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Minneapolis aiming to top projections for organics pickup

From ads on bus stops and radio stations to teams of interns going door-to-door, the city of Minneapolis launching a "full-court press" to boost the number of people participating in curbside organics recycling.

The program kicked off in 2015 and expanded to a citywide rollout in late March. By July, households in all of the city's neighborhoods will be able to sign up for a new organics bin to fill with food scraps, meat, fish, bones, tissues, paper plates, pizza boxes and a long list of other items. 

So far, about 35 percent of eligible households have signed up, and each have filled their bins with about five pounds of organics per week. That's below the city's initial projection, which suggested that the program could get at least 40 percent of households, recycling about 7.5 pounds per household, per week. 

In a council committee meeting Tuesday, officials said they expect they can top the projections -- but only with a broader effort to ensure people know about the program and how to use it. The city received a $315,000 grant from the state last year to fund outreach work about organics, and officials said they intend to spend it on a broader advertising campaign.

Kellie Kish, the city's recycling coordinator, said the city has made a concerted effort to share its message with a variety of communities -- and in at least a half-dozen languages.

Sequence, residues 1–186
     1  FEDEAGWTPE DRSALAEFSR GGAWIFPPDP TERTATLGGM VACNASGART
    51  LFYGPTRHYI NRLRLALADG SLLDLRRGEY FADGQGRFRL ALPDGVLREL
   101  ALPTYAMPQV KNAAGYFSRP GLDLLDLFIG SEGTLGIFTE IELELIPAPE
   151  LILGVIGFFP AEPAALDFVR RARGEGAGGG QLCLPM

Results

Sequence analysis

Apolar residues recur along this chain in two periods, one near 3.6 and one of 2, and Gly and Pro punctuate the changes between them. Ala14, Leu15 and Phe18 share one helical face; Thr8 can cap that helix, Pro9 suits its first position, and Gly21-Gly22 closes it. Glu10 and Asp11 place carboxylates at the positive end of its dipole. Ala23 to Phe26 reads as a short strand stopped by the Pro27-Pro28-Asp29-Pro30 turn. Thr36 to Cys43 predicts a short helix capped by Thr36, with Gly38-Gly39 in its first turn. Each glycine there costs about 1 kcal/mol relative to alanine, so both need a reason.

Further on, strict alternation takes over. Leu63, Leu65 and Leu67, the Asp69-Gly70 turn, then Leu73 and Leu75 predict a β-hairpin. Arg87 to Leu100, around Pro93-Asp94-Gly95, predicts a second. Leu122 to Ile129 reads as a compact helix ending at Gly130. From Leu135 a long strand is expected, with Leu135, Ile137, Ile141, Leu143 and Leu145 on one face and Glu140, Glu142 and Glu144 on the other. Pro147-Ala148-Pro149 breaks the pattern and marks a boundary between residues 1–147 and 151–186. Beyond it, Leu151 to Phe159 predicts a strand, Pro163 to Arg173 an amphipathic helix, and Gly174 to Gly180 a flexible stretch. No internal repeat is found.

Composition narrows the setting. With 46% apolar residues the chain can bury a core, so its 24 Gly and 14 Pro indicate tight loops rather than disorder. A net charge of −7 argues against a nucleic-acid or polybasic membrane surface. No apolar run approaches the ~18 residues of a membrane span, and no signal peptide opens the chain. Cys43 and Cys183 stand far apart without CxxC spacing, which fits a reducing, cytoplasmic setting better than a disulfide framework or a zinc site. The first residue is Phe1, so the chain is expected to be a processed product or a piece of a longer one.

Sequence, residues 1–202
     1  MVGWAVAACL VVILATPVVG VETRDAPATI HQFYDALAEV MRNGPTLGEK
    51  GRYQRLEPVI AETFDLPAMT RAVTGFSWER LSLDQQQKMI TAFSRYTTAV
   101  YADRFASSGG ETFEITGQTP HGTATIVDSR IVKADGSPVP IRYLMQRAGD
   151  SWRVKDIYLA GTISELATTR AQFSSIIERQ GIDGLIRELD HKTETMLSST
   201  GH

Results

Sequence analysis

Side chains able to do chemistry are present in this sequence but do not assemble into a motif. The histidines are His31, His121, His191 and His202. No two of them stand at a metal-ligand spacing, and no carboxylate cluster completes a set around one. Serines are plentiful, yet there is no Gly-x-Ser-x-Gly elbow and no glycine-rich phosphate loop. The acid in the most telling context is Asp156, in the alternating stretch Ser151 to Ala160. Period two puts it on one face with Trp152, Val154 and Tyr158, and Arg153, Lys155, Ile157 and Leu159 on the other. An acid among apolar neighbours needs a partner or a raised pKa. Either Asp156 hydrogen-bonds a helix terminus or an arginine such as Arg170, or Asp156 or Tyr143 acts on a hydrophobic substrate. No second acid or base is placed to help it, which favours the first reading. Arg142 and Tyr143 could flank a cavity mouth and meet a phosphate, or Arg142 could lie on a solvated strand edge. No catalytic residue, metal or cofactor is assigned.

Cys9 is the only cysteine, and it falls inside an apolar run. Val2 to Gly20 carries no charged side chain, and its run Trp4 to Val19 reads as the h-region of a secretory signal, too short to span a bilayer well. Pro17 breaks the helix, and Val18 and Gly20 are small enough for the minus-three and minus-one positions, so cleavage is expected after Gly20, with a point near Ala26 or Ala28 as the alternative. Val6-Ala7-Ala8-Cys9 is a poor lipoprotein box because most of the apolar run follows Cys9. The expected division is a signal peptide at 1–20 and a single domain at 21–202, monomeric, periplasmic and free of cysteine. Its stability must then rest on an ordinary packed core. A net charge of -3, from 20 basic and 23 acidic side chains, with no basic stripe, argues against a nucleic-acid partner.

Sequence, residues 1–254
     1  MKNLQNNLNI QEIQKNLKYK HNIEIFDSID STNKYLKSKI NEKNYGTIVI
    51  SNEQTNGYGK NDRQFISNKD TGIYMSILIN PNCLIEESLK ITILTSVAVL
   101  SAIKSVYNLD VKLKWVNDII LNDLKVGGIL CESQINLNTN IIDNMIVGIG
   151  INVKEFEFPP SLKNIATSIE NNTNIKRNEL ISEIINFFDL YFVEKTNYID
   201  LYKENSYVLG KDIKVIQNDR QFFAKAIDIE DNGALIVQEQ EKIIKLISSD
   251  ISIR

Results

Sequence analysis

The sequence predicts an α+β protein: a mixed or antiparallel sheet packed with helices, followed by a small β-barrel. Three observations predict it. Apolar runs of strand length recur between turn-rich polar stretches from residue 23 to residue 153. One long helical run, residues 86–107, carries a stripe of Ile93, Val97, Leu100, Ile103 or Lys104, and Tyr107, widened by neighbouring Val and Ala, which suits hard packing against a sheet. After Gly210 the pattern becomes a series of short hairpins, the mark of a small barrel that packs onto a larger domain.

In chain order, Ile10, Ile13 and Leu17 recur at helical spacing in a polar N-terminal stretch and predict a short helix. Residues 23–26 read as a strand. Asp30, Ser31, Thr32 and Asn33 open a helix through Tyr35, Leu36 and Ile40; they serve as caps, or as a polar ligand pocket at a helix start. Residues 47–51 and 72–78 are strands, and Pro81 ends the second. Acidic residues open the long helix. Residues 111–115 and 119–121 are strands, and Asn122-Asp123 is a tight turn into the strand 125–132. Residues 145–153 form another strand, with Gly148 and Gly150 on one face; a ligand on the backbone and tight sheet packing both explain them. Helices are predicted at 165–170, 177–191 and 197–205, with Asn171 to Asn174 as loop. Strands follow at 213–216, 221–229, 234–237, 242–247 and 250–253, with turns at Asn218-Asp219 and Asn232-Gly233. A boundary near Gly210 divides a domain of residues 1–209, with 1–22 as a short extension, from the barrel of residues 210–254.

An organics sign-up card that will go out in the mail in June will be sent out in four different languages to ensure that residents understand the program and can sign up without having to request additional translated materials. Interns hired by the city this summer will also go door to door in neighborhoods with some of the lowest sign-up rates.

Kish said the city's next step will be figuring out how to turn the city's compost operations into a two-way process.

"We do want to close that loop -- figuring out a way to get compost back to residents," she said.

The city raised all eligible customers' annual waste pickup fees by $48 last year to pay for the service, so new sign-ups do not come with an additional fee. 

Ex-Mayor R.T. Rybak named Minneapolis Foundation CEO

Above: Former Minneapolis Mayor R.T. Rybak and director of Generation Next , talked with his guests before he announced its plan to tackle the achievement gap during a presentation to community leaders at the Humphrey School of Public Affairs, Monday, August 18, 2014 in Minneapolis, MN. (ELIZABETH FLORES/STAR TRIBUNE)

Former Minneapolis Mayor R.T. Rybak is taking the reins of one of the region's most prominent philanthropies, the Minneapolis Foundation.

The move to CEO of the foundation, announced Monday morning, comes about two-and-a-half years after Rybak began work at Generation Next, a non-profit aimed at closing the area's education acheivement gap.

Rybak's post-mayorship tenure had been largely under the radar until recently, when he began promoting his new book "Pothole Confidential."

At the Minneapolis Foundation, Rybak will replace former Hennepin County Administrator Sandy Vargas -- who announced her retirement last year.

The foundation recently celebrated its centennial and distributed $80 million in grants last year.

“It is a tremendous honor to be joining a true institution that has spent a century doing great things for my hometown,” Rybak said in a statement.

Rybak, who currently serves on the foundation's board, will take over as the seventh CEO and President on July 1.